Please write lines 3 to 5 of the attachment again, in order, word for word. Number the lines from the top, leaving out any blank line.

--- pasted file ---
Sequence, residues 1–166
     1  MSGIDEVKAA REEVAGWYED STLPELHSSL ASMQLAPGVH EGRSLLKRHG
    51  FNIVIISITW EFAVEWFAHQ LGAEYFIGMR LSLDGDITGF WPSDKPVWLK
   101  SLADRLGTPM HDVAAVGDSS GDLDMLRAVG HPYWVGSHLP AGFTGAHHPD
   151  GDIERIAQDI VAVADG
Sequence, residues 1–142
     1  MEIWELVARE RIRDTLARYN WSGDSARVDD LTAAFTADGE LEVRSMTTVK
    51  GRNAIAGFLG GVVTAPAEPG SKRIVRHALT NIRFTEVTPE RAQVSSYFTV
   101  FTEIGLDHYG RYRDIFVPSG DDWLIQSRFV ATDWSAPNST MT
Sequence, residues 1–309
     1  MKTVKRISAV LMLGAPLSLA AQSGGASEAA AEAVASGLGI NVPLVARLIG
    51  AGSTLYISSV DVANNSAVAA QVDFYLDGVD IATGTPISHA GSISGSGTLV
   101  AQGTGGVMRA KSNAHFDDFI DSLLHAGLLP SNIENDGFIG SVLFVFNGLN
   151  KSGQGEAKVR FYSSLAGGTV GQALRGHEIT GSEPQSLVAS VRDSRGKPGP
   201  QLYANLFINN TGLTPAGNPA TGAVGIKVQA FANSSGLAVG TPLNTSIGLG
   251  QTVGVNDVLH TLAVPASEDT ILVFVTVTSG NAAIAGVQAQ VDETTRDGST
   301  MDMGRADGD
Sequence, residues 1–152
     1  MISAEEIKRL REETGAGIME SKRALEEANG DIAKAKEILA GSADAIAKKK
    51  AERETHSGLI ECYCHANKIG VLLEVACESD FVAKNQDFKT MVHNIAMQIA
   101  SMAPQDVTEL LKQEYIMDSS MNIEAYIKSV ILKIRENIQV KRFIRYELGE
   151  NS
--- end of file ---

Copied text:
    51  FNIVIISITW EFAVEWFAHQ LGAEYFIGMR LSLDGDITGF WPSDKPVWLK
   101  SLADRLGTPM HDVAAVGDSS GDLDMLRAVG HPYWVGSHLP AGFTGAHHPD
   151  GDIERIAQDI VAVADG